Clinicians who are treating young patients headed to summer camp should provide a complete annual review of the youth’s health to be delivered to the camp, according to a policy statement from the American Academy of Pediatrics (AAP) Council on School Health. This will help determine whether the camp’s program is appropriate for that child.
The AAP has put forth this and several other recommendations intended for primary-care providers, parents, and camp administration and health-center staff to guide health and safety practices for the young attendees (Pediatrics. 2011;127:794-799).
Other recommendations include:
- Be sure the camper is up to date on all immunizations before departure.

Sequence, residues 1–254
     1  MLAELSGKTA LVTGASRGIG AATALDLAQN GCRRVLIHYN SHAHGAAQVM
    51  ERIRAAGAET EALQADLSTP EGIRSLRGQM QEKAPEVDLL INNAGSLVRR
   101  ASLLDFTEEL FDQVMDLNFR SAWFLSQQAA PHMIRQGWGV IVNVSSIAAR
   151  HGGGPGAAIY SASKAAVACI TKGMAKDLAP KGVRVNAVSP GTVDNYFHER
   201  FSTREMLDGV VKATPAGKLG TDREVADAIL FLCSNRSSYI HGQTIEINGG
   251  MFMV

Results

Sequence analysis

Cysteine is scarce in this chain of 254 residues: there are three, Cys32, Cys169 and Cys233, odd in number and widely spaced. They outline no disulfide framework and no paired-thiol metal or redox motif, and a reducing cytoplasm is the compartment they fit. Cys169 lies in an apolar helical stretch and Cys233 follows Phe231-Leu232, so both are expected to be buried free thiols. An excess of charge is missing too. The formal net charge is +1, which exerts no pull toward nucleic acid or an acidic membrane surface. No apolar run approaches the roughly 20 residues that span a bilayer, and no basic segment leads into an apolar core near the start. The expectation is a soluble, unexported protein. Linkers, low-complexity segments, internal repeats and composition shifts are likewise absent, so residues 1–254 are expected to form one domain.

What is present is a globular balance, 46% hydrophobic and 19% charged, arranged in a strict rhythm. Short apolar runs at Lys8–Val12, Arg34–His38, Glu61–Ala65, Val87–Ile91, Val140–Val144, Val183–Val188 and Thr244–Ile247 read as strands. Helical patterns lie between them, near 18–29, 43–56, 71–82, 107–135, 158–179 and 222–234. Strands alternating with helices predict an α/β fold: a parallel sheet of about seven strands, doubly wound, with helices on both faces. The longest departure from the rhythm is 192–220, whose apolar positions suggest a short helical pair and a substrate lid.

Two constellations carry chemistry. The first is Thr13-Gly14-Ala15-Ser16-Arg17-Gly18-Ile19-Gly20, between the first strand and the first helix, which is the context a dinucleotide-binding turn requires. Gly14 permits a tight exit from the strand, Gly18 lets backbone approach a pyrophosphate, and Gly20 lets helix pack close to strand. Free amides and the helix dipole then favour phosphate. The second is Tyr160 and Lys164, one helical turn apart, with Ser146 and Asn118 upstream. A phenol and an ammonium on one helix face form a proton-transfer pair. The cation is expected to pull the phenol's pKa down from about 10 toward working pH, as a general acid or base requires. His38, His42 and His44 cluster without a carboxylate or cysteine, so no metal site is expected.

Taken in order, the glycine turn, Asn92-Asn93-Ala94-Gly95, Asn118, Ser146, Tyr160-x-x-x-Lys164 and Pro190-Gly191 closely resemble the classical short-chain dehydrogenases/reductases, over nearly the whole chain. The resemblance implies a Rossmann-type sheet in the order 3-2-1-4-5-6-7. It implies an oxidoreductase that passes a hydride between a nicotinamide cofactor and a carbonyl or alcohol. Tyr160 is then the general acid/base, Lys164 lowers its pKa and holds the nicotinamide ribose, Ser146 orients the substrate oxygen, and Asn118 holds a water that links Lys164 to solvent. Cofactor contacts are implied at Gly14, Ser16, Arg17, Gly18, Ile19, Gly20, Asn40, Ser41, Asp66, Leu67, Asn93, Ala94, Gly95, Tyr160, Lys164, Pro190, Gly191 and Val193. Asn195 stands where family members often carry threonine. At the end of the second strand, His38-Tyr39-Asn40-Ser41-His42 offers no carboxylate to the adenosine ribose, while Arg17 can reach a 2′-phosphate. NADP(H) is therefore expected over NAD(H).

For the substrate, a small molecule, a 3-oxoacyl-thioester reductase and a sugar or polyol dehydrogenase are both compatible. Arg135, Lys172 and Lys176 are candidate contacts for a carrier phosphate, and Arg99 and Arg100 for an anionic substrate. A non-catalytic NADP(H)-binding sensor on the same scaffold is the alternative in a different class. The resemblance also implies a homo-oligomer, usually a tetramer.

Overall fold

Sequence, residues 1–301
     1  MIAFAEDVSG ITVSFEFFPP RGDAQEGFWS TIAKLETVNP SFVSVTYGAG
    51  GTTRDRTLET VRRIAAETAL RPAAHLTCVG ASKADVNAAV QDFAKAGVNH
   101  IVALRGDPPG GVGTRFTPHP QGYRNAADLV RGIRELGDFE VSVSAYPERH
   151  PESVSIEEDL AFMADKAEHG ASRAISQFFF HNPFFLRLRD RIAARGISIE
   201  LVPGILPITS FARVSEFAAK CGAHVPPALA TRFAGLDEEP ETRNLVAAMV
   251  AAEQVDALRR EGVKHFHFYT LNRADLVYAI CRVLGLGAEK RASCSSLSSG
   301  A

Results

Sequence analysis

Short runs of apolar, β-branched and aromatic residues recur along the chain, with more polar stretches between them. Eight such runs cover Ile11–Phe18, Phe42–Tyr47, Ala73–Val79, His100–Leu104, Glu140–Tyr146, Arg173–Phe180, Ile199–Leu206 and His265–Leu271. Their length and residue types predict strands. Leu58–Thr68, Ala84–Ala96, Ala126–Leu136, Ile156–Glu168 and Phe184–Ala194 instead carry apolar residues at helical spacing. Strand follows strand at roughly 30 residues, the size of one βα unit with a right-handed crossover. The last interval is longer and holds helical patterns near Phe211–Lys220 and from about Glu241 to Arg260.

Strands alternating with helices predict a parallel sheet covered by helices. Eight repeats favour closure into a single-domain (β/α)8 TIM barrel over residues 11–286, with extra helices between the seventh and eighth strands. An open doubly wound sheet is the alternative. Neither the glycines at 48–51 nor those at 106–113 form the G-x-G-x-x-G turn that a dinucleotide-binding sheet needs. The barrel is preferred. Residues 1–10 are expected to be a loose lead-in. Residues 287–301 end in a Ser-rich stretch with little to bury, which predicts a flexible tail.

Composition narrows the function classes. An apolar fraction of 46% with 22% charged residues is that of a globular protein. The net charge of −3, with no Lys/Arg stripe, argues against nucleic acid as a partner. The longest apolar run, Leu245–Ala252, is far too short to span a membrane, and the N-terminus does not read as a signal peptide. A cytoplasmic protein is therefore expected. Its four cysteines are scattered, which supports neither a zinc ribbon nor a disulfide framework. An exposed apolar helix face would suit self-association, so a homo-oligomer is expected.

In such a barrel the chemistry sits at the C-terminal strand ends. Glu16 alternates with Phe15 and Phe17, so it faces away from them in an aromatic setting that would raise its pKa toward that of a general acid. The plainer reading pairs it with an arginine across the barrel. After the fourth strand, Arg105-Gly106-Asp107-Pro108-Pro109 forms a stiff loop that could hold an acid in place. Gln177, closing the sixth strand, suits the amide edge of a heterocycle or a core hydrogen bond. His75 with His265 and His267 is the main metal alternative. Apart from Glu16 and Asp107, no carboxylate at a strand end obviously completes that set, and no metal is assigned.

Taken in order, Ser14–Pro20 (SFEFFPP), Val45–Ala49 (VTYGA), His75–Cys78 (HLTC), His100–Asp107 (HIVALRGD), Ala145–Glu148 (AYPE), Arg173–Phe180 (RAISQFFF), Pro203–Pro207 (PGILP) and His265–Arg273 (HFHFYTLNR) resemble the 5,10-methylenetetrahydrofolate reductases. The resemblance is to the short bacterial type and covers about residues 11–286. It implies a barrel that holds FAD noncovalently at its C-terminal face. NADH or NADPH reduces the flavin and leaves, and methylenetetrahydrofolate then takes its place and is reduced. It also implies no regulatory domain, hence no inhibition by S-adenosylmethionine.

- Remind parents to tell the appropriate camp representatives about any changes in the child’s health status, new medications, or changes in maintenance medications.
- Discuss with parents strategies to manage a camper’s homesickness that won’t undermine the child’s self-confidence in his or her independence.
- Camp health personnel should have protocols in place for such common illnesses and conditions as fever, conjunctivitis, respiratory infections, asthma, otitis externa and media, sore throat, skin infections, and vomiting and diarrhea.